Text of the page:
Social Values and Health Priority Setting at UCL
A A A

Catalogue of Case Studies

Catalogue of Case Studies

Case studies provide insight into the challenges of priority setting and into the role that social values play in priority setting decisions. In the interest of offering decision-making tools for practitioners, we have started compiling a catalogue of case studies that feature cases of priority setting decisions from around the world in which social values played a role. To ensure consistency we use our case study template for every case study we provide. To access the catalogue of case studies and to find out more please click here .

More information

Contact us

Katharina Kieslich
University College London
School of Public Policy
The Rubin Building
29/30 Tavistock Square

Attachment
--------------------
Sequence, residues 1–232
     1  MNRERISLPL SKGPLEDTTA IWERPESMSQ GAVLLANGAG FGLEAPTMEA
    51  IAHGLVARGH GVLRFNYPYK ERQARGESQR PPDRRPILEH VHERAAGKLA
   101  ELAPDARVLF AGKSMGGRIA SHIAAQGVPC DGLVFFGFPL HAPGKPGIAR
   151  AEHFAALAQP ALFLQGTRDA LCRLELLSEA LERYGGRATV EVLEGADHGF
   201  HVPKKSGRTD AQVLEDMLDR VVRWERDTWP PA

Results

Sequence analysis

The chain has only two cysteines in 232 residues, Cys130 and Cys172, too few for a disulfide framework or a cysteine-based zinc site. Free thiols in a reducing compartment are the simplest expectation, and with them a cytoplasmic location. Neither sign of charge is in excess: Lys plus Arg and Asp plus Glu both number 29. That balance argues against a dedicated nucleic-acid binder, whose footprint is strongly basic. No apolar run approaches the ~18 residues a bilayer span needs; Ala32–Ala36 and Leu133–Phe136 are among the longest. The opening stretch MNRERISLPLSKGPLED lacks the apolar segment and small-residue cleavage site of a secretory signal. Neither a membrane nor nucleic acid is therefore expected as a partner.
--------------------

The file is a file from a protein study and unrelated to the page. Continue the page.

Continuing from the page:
London
WC1H 9QU
U.K.

Email katharina.kieslich.10@ucl.ac.uk
Fax: +44 (0)20 7679 4969

How to find us

Map, tube and station information

Catalogue of Case Studies

Case studies provide insight into the challenges of priority setting and into the role that social values play in priority setting decisions.  They offer policy-makers a means of accessing the experiences of others facing similar problems, and they facilitate comparative research. 

Please contribute your own case studies to help us build a rich repository of examples from real experience of priority setting across a wide range of clinical, national and institutional contexts.  We have developed a template for case studies, and for the purposes of comparative study we kindly ask that you utilize this.  The template is downloadable here. We also invite comments on any of the cases featured here.